Lets do a speed test to find the limits of the technology rather than a leisurely promotion trip. I am not impressed.

    • by Motard (1553251)

      Interesting questions, but not really on point. This is a demonstration of the current state of the art as they see it. Perhaps an advertisement for attracting further funding. They aren't really targeting requirements developed by you or me. So I feel content to just watch and note the accomplishment.

      • by jklovanc (1603149)

        It is over hyped as it is a relatively minor accomplishment already possible with thirty year old technology.
        When they make statement like the following they are lying;

        Theirs is the high-flying equivalent of the Tesla electric sports car.

        The Tesla electric sports car is a viable product usable by the average person that does something useful. Solar Impulse is none of those things and is therefore over hyped.

        • by Motard (1553251)

          Why is this a problem for you? If tax dollars are involved, perhaps I might have an issue.

          You quote a sentence beginning with 'Theirs'. That would imply that they didn't write that sentence. Who would actually think they're claiming some sort of equivalence to Tesla Motors?

          • by jklovanc (1603149)

            The contribution to this scam could be going toward valuable research that might actually change something. Wasting millions on a toy is still waste.

            • by Motard (1553251)

              Ok, no G.I. Joe with Kung-Fu Grip for you. Just a big plate of pessimism.

            • by ArsonSmith (13997)

              Actually no it's not, those millions are going into materials and research for people who built the plane or parts of it. The economy is not a fixed size pie. When someone spends millions on something like this it isn't millions gone from the economy in fact they are off to do many other things. The only wasted money is what is sitting in a piggy bank or thrown under a mattress.

            • The contribution to this scam could be going toward valuable research that might actually change something. Wasting millions on a toy is still waste.

              Ah yes, the "money wasted on X could be better spent elsewhere" fallacy.

              Utterly irrelevant. The same millions could go to feeding the hungry, housing the homeless, researching a cure for cancer, or a thousand other worthy things.

              The entire project is financed by private entities, whose legally-accrued money is theirs to do with as they please as long as it doesn't harm others. And by definition it's not a scam because the project is ultimately doing exactly what "investors" were told it would do.

      • by dywolf (2673597)

        that's the point: it isnt really state of the art. sailplanes have already gone distances of 1400 miles, and they use no power whatsoever.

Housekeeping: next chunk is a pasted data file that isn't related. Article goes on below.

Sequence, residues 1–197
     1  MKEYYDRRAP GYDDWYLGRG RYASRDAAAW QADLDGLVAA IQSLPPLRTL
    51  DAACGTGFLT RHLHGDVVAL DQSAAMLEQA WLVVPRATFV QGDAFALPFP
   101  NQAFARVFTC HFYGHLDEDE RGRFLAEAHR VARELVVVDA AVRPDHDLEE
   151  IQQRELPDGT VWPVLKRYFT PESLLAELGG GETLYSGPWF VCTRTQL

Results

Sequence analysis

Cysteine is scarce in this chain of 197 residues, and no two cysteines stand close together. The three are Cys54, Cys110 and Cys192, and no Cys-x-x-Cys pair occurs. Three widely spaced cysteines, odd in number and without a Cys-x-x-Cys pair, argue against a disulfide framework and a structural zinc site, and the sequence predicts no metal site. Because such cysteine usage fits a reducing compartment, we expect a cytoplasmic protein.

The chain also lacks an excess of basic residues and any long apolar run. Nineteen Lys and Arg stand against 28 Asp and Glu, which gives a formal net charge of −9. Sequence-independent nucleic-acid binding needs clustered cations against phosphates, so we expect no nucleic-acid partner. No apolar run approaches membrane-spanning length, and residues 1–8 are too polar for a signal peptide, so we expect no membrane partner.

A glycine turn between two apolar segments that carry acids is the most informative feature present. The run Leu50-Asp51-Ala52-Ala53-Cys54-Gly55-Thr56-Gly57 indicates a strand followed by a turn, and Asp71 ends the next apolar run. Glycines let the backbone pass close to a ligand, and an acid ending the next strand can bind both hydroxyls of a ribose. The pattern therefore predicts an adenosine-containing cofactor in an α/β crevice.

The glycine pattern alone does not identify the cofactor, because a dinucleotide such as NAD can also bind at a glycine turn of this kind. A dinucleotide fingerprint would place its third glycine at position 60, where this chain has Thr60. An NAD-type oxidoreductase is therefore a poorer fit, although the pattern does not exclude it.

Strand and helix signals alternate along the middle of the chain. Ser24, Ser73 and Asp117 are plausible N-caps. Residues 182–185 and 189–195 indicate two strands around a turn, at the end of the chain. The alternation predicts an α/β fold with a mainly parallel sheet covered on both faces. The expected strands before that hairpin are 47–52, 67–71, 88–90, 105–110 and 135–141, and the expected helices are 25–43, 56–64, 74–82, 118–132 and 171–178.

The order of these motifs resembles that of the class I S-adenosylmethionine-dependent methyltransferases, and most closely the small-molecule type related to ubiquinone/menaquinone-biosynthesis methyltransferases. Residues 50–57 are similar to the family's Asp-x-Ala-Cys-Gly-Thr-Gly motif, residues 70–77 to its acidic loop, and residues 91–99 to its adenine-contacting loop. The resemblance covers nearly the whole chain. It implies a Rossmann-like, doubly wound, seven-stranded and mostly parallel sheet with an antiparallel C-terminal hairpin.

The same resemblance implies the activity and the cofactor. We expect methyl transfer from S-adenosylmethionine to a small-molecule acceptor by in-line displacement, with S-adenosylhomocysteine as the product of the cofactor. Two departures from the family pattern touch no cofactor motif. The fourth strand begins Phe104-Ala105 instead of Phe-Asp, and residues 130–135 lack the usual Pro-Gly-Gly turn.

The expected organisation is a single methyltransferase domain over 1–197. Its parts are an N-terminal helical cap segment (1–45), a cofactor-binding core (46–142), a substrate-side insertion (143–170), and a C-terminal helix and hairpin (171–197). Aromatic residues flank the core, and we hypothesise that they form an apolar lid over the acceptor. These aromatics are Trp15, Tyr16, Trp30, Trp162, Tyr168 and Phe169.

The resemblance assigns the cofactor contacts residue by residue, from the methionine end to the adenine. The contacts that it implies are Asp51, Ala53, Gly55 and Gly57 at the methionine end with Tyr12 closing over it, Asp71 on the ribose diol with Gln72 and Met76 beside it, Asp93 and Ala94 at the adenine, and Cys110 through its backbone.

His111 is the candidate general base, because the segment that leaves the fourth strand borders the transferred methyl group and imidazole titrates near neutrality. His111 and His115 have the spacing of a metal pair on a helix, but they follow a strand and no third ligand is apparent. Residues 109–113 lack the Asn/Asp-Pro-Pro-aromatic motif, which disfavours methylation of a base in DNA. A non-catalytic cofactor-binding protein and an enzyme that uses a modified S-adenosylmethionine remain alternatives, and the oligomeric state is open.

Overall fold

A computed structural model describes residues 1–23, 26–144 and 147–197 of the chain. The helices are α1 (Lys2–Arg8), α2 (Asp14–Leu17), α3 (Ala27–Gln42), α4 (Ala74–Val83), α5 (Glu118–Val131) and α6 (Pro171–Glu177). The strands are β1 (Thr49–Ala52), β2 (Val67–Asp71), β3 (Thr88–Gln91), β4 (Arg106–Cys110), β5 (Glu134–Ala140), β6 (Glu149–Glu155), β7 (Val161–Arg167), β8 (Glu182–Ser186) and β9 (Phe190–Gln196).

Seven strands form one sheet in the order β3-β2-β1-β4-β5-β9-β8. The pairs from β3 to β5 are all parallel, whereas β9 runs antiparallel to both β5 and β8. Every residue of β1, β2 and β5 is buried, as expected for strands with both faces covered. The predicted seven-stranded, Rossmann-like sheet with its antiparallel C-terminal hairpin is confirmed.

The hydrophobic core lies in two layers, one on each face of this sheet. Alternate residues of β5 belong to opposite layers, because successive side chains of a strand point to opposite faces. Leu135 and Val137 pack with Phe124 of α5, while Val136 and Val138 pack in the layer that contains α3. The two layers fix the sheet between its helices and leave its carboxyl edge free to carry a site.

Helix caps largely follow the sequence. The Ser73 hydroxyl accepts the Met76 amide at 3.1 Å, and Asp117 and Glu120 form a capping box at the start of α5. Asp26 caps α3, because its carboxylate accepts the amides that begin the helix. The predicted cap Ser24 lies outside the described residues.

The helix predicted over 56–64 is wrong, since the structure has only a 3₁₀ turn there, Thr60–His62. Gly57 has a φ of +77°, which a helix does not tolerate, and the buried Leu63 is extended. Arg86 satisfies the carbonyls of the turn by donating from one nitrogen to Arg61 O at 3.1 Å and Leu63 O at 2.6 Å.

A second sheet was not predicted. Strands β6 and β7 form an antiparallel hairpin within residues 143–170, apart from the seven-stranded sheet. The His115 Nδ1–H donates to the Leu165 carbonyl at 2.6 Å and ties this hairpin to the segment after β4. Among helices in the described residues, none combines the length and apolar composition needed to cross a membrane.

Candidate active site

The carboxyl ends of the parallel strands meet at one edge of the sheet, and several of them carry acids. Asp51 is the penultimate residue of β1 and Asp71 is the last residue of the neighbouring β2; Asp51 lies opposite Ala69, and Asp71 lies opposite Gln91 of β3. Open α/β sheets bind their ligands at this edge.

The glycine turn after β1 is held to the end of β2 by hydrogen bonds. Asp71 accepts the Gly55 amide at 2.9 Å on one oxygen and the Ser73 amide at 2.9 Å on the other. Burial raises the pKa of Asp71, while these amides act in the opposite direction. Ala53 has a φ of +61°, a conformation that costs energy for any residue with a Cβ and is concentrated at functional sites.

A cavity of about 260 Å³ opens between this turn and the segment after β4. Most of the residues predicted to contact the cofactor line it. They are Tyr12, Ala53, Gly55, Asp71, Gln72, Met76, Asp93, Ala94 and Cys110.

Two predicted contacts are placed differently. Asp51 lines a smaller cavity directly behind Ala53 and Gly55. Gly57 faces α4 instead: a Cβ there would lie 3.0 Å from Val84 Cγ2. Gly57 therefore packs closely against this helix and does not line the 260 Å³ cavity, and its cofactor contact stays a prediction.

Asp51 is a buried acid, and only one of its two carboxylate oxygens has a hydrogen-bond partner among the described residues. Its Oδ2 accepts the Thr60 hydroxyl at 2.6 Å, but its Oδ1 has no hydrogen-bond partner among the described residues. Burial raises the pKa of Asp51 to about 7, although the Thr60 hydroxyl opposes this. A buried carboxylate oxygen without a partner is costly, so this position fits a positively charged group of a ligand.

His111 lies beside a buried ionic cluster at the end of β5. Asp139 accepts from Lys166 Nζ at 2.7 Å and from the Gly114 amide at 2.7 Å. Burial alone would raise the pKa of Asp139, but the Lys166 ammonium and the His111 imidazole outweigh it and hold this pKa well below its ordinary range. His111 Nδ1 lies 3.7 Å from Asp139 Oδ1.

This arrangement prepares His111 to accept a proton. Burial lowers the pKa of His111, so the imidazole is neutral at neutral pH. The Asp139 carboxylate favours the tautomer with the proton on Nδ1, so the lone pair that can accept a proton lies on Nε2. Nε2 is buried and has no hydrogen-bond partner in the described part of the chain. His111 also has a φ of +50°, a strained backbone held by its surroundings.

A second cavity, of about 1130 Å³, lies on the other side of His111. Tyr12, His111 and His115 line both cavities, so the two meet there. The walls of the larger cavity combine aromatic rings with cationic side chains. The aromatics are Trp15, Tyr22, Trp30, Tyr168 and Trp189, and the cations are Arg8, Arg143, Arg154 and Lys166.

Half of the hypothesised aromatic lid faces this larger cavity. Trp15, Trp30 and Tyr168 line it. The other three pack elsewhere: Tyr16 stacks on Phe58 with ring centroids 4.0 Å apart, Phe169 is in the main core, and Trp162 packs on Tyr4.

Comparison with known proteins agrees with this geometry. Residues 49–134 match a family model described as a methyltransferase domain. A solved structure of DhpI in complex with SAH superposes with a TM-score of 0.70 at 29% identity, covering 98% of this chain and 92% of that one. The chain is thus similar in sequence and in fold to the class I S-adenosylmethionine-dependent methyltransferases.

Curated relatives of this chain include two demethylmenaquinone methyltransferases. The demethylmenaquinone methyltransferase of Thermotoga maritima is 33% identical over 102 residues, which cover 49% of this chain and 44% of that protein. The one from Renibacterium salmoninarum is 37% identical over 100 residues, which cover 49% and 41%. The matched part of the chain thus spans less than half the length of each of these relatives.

this thing is more like a fancy sailplane with its own onboard motor (which is actually common on more expensive sailplanes flown in areas without tows or winches to get airborne). having solar cells means less thermal riding reliance than a sailplane, but the extreme low speed frequent stops, and low low mileage overall make this extremely unimpressive, even by "state of

    • by Virtucon (127420)

      It's an adventure game..

      Does anybody recognize one of the pilot's names? Piccard? No, not Star Trek.

      The Piccards are explorers, and Bertrand, the Chariman of this project and his family have done quite a [a="http://www.bertrandpiccard.com/eng/family1.php#"] few other things,...[/a]

      Bertrand was also one of the guys in the Breitling Orbiter in 1999 [bertrandpiccard.com] and went around the world.

      His Grandfather, Auguste, [wikipedia.org] was an explorer and did stratospheric experiments with balloons in the 1930s.. He later designed the Bath [wikipedia.org]

      • by jklovanc (1603149)

        The point is that I can take a power glider around the world today. I find it difficult to call something that can already be done with old technology exploration. To me exploration is finding and doing new things. This is just expensive toys funded under the falsehood that it could never be done before. False advertising is still wrong.

    • by tompaulco (629533)
      If they charged the battery on the ground then they are also being dishonest about not using any fuels. Although of course there was a huge amount of indirect fuel used for various activities in the manufacture, transport, and whatnot, if they actually charged the batteries on the ground then they directly used fuel to do so, although like electric cars, the environmentalists tend to handwave the electric generation away.
      I find the feat to be unremarkable, especially in light of the fact that it has been d